Gulf oil spill victims offered 3 years' damages Feinberg, the man in charge of paying individuals and businesses in the wake of the BP Gulf oil spill outlined his methodology Wednesday. By Catherine Clifford, staff reporter

NEW YORK (CNNMoney) -- The agency in charge of paying claims to those affected by BP's massive Gulf oil spill has predicted that the region will fully recover from the disaster in 2012.

That recovery timeframe is crucial because it will be used to determine how much claimants who opt for a so-called final payment, a lump sum meant to cover any past and future damages, will receive from the Gulf Coast Claims Facility.

These claimants will walk away with a one-time check for double their documented 2010 losses, but will have to forfeit any right to sue for any past or future losses related to the spill.

Why double 2010 losses? The GCCF assumes spill-related losses will taper off this year and next, to 70% of 2010 losses this year, and 30% of 2010 losses next.

"We have concluded that a two- to three- year gradual recovery period seems reasonable in light of all information available to the GCCF," said Kenneth Feinberg, the administrator in charge of the Facility.

People and firms who are eligible for these payments include everything from fishermen and shrimpers to hotels and restaurants.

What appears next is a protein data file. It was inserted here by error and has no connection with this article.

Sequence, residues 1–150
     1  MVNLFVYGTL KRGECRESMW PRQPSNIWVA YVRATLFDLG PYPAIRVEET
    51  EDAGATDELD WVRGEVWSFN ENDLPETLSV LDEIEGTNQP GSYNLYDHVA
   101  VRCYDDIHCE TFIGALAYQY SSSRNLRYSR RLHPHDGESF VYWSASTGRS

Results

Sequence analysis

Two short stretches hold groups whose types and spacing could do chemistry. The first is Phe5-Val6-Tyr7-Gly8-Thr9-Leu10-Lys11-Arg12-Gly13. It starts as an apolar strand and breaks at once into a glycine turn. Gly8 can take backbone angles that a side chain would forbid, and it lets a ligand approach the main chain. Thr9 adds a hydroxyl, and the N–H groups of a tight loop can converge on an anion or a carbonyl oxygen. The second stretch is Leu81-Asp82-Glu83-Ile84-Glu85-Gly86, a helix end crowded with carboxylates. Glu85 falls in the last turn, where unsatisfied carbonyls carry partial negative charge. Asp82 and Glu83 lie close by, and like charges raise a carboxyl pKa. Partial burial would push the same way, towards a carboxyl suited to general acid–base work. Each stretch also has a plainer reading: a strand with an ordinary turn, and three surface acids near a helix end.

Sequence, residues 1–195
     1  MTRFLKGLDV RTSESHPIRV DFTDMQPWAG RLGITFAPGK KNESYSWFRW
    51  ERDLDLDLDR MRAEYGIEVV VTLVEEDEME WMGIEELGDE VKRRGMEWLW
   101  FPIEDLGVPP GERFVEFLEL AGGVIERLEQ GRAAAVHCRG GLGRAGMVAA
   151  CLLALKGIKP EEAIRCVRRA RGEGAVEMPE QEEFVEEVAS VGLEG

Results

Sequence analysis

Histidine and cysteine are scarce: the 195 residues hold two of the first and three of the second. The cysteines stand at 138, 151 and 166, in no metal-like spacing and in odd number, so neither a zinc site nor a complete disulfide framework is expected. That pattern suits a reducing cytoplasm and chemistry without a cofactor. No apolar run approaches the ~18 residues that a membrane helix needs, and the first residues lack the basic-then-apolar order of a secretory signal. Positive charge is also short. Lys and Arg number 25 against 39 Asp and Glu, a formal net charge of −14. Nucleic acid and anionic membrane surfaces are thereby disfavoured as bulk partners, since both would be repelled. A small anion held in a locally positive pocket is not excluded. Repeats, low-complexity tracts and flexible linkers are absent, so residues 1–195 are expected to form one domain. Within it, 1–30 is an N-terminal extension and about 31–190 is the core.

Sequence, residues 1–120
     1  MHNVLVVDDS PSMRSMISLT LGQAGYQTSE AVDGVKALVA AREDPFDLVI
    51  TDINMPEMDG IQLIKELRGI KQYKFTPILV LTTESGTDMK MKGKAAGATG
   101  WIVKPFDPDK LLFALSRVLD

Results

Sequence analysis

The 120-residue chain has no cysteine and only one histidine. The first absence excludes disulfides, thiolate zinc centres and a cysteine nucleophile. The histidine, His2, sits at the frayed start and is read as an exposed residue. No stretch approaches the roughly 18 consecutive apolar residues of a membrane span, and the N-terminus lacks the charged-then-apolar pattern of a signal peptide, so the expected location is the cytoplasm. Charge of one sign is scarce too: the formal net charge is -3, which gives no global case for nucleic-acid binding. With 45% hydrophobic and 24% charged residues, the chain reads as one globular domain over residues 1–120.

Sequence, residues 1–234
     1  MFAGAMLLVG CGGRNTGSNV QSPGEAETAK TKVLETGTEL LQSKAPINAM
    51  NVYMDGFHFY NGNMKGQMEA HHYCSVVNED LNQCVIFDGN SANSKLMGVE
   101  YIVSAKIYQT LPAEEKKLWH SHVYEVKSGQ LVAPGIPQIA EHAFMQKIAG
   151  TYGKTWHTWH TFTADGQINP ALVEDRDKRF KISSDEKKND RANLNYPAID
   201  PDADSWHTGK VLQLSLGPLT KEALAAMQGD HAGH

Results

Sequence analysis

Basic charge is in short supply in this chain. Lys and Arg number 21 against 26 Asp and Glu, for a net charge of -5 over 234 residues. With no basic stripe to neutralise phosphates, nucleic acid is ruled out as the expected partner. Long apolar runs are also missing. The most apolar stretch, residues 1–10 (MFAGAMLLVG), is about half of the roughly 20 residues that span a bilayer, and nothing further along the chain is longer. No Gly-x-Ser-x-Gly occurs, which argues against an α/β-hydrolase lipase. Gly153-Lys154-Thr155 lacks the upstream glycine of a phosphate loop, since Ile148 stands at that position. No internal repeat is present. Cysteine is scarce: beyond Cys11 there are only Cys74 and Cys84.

One exception to these "final payment" rules are oyster harvesters. The Facility's experts estimate that it will take harvesters longer to fully recover from the spill than other industries, so they'll be offered four times their 2010 documented losses as a lump-sum payment.

Another exception is any claimant with more than $500,000 worth of documented losses in 2010. In this circumstance, the lump-sum payment will be determined after an individualized analysis is conducted.

The methodology proposed Wednesday isn't final. Feinberg has opened up his criteria for public comment for two weeks, through Feb. 16. After which time payments will begin to be delivered.

Feinberg was emphatic that claimants are under no obligation to take his final payment offer.

"Predicting the future of the Gulf is not an exact science; there is obviously some unknown risk in attempting to determine any recovery period," said Feinberg in the written statement.

Claimants have other payment options besides a lump sum.

Quick pay: Individuals can get $5,000 and businesses can get $25,000 without submitting any further documentation if they waive their right to sue for any future losses.

This option is available to those who have already received an emergency payment from the GCCF. Those submitting claims for the first time or who have been denied emergency payments aren't eligible.

Emergency Payments: This money was made immediately available for individuals and businesses that experienced financial hardship resulting from damages as a result of the spill.

Emergency payments are no longer available. They were accepted through November 23 and did not require claimants to forfeit their right to sue.

Interim payments: These are payments for proven past damages and are delivered on a quarterly basis. Those who choose this option do not forfeit their right to sue.  To top of page

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